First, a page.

Bernice Dots #11

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Bernice Historical Society

Bernice Dots #11

By Cathy Buckley

 

As early as 1914 the citizens of Bernice began a fight for good roads leading into and out of town and would yearly hold “good roads” day when all the businesses would close and men would work on improvement of the roads.

In 1916 forty of the citizens filled ten automobiles to capacity and came to Farmerville and appeared before the police jury.  The plan they presented to the jury was for the use of convicts in the improvement of the Farmerville-Homer highway from Farmerville, through Shiloh, and Bernice to the Claiborne Parish line.  They presented a promise of $600 in pledges and promise of additional labor.  The Police Jury granted the request as “people from that section were boiling over with enthusiasm for better roads.”

In March of 1916 the Ladies Civic Club installed a new pump and bubbling fountain system on the school ground and had the entire school grounds thoroughly cleaned.

In the fall the town of Bernice held a Chautauqua/Political Rally and barbeque prior to the election for Governor in which home town candidate Ruffin G. Pleasant was one of the speakers.  Pleasant went on to win that election by carrying every Congressional District  in the state with the exception of  one.

The war in Europe was being heard even in Bernice and the patriotism of the Bernice citizens was displayed in May of 1917 with a flag raising ceremony in the center of the public square.  Long before the hour for the flag to be hoisted the streets were crowded with people.

As the hour of four drew near, 24 automobiles, beautifully decorated with bunting and flags lined up on each side of the crowd.  Then a group of school children carrying flags marched from the school house and formed lines in front of the platform in the square. The school children were followed by “Uncle Sam”, “Miss Liberty” and “Miss Columbia”.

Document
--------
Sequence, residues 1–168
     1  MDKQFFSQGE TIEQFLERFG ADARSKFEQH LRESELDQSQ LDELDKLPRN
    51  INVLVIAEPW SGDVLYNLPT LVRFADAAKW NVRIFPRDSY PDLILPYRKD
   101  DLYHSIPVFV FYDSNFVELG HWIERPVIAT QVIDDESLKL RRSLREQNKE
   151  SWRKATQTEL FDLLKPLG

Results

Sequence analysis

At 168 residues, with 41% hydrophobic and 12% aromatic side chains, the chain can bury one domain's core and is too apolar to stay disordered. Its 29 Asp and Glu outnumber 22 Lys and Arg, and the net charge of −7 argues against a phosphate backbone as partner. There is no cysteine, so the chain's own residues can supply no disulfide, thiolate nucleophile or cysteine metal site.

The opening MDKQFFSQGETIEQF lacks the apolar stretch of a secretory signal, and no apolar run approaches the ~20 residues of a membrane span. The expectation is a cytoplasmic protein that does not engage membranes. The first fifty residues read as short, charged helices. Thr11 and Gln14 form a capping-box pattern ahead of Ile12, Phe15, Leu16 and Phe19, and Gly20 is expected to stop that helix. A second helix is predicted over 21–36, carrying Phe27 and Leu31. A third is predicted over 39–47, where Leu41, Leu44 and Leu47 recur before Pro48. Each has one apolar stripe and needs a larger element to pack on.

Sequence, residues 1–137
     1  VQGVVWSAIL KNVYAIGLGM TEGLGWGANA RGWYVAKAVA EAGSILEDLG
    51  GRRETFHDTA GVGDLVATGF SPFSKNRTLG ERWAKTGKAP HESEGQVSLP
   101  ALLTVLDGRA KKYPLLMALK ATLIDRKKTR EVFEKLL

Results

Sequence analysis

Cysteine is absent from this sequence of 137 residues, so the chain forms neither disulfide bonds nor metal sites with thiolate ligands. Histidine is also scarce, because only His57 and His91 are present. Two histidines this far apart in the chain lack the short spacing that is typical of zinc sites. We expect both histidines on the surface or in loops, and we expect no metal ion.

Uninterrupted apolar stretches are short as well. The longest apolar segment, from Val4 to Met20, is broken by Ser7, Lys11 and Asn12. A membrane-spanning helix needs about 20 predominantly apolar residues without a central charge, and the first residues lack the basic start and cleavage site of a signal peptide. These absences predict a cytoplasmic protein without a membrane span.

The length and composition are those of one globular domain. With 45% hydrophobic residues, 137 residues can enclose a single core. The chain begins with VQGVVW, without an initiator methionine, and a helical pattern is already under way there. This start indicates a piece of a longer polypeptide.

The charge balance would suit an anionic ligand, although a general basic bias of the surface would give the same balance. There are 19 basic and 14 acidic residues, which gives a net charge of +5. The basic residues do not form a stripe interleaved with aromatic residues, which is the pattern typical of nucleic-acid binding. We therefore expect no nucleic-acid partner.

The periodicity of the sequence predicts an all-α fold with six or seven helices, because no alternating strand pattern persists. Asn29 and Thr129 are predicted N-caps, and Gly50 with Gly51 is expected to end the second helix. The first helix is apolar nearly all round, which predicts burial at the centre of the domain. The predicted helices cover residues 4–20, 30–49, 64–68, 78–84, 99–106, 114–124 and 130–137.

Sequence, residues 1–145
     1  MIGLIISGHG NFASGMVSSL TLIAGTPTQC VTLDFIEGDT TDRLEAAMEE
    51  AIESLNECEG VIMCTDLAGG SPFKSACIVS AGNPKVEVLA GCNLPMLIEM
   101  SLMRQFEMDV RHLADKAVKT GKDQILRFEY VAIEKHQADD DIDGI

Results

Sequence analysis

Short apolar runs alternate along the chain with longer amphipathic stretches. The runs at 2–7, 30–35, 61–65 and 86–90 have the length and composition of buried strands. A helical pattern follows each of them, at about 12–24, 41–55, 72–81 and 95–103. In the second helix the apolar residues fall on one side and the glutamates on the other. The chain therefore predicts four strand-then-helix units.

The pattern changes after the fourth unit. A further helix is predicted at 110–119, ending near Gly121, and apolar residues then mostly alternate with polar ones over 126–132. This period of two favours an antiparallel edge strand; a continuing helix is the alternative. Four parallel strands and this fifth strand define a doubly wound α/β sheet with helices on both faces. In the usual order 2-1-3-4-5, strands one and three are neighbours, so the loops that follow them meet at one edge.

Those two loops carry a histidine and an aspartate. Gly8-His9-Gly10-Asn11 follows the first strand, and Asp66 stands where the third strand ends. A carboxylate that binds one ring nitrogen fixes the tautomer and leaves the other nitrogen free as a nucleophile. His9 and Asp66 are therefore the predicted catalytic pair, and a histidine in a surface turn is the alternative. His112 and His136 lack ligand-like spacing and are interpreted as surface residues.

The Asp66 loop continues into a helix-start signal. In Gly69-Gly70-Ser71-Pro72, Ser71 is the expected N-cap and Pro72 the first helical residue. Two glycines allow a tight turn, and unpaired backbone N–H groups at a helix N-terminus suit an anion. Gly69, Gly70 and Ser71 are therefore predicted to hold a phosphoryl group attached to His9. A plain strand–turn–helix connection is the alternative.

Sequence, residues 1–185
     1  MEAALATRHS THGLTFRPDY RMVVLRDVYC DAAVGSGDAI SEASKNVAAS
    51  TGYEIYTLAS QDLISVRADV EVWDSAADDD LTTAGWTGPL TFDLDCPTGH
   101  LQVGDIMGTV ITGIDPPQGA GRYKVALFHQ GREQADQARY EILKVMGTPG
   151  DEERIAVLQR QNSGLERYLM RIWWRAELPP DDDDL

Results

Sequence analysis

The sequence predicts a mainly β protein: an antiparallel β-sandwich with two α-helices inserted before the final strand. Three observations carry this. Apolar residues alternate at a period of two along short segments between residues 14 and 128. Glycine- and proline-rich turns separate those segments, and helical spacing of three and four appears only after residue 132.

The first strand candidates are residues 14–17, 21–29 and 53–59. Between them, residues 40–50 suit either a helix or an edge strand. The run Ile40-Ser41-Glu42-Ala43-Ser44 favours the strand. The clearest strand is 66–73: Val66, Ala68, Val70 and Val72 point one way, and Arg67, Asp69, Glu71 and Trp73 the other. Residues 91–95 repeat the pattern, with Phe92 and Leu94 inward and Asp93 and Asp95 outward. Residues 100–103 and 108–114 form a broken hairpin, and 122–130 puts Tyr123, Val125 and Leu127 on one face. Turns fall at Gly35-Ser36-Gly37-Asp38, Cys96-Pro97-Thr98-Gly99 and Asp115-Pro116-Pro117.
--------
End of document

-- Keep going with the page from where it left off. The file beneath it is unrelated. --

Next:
Mayor Talbot was Master of Ceremonies and the large flag was raised by Don James (Uncle Sam) and Lizzie Belle Gwyn(Miss Liberty).  Hamp Lewis the city marshal secured the flag to the flagpole and there were three cheers from the crowd and long blasts from all of the automobiles.  There was then a parade through the streets and the city park.

The Bernice Red Cross did their part for the war effort by hosting chicken dinners in order to purchase materials for the comfort of the soldiers.  They served chicken in every way it could be prepared.  Soldiers who were passing through Bernice on the train were given food and other items. The Red Cross also knitted scarves and caps for the soldiers and it was said their youngest member, Minyon Lindsey, who though only five was very efficient at the art and eager to help the soldiers.

Bernice young men were volunteering to serve their country and in April of 1917 Leonard Ferguson, Allen Grafton, Marvin Fallin and Young M. Strickland left Bernice by train on their way to Shreveport to enlist.  A total of 7 Bernice boys had now joined the war effort.

By May of 1918 boys all over the parish were eager to do their part.  36 boys from Union left in May and several from Bernice were in this group.  They were escorted to Farmerville by the citizens of Bernice led by George C. James who dressed as Uncle Sam and perched on top of the first car in the grand parade which was met by patriotic cheers as it rolled into Farmerville.

One of the largest buildings in town burned in 1918.  The building owned by G.E. Lindsey and Y.S. Fuller contained the post office, a printing shop, two barber shops and two restaurants.

In June Bernice soldier Govan B. Reagan became the first casualty of WWI followed in July by Dennie St. John.  In later years the American Legion would form a post in Bernice and it would be called the Regan-St. John Post in honor of these two young men.

New buildings and homes were going up all over town and the Shreveport Times noted in their April 9th issue that BUILDING BOOM MAKES BERNICE NEW TOWN.  The fact was given that 3 new homes have been completed and occupied and 7 others were under construction and that most of the old homes had been repaired and repainted.  In addition the roads leading into town had been widened, streets cleaned and opened and the town presents a thriving appearance.

NOTE:  We have some displays at the Bernice Depot Museum on those Bernice soldiers who gave their lives in WWI, WWII, KOREA and Viet Nam.

 

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